As with many of the dogs I treat, Sterling, a 14-year-old Labrador retriever from El Cajon, was dealing with dementia along with other health problems. He had recently lost most of his hearing, and arthritic hips made it difficult for him to rise from his favorite sleeping spot. Sterling spent hours every night panting and whining. Once he got to his feet, he could move fairly well. But as soon as he left the house for a walk around the neighborhood, he pulled nervously at the leash to get back into the house, where he would pant and tremble for the next hour. Sterling’s owners felt that he was suffering, and they had started to consider euthanasia.
Once a dog’s cognition deteriorates, it loses the ability to compensate for discomfort, and the dog’s suffering becomes compounded by anxiety. This is the point at which most compassionate owners I’ve dealt with have made the difficult decision to euthanize their long-time companion. Although dementia is almost never fatal on its own, cognitive dysfunction and physical health problems are a debilitating combination.
Treatments for canine dementia are most effective when they are started before the signs of cognitive dysfunction start to show. This is equally true in humans, which is why researchers are working on tests to predict Alzheimer’s long before symptoms appear. A number of nutritional supplements (particularly DHA, one of the omega-3 fatty acids found in fish oil) and various antioxidants have been shown to slow the progression of mental decline. S-AdenosylMethionine (SAMe) is an over-the-counter supplement that provides mild help for old brains. There is even an FDA-approved medication to treat canine cognitive dysfunction: Seleginine is a derivative of a drug used in human Parkinson’s Disease. In my personal experience, I have not seen dramatic results with this medication, but it is usually prescribed in the later stages of dementia, when it may be “too little, too late.”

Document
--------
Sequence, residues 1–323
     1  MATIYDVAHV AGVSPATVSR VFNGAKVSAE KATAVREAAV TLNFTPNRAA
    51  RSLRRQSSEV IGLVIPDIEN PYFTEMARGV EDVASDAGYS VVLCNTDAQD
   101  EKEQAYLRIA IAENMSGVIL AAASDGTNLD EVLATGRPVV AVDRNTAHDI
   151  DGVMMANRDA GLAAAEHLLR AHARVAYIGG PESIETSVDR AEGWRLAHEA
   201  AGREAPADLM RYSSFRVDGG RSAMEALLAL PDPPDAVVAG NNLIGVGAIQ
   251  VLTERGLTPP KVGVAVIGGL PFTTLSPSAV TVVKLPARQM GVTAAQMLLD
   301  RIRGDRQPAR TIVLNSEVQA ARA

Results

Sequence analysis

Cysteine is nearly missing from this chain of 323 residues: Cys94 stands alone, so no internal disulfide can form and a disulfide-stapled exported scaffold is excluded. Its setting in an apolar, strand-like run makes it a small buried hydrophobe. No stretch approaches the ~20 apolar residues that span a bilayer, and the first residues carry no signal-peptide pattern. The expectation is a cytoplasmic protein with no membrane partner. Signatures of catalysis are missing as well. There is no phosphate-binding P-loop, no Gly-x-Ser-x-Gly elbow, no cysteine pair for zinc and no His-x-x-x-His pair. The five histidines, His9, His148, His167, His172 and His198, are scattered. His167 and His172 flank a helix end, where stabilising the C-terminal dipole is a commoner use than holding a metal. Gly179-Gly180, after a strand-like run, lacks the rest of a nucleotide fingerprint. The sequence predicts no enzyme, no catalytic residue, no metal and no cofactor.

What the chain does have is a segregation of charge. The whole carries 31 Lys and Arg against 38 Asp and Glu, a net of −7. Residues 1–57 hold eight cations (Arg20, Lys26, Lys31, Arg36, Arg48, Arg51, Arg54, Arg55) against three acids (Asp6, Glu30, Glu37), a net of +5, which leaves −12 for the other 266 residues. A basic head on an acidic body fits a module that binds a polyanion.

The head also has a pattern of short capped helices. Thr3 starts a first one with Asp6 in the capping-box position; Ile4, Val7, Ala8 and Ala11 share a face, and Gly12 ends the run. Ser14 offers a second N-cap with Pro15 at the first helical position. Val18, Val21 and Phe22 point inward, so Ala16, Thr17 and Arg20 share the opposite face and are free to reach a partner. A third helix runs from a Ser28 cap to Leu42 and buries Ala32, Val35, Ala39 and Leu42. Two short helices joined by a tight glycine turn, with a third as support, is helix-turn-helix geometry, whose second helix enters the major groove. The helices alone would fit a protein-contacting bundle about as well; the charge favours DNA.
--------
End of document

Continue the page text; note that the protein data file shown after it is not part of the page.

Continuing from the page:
We can also borrow from the extensive research that has been done in humans and laboratory animals, which find that eating a healthy diet (high in omega-3), staying mentally active and getting lots of aerobic exercise can delay the onset of senile dementia. The exact amount of exercise that is required to delay senility in dogs has yet to be studied, but my personal experience has been that when I see one of my canine patients who is still alert and happy at 15 years old, the dog’s owner invariably tells me, “He has always gotten out on his walks every day, no matter what.”
When we are in the middle of our busy lives, old age seems far away, and taking steps to delay senile dementia (for our dogs or ourselves) isn’t a priority. There is even a certain unspoken acknowledgment that old age and a weak mind are inexorably linked. It isn’t until your graying canine companion is anxiously pacing the house at midnight or your mother forgets your name that you think you’d do anything possible to bring back the memory and comprehension that has been lost. Something to think about while you take a long walk with your dog.
This piece was written in partnership with Zocalo Public Square.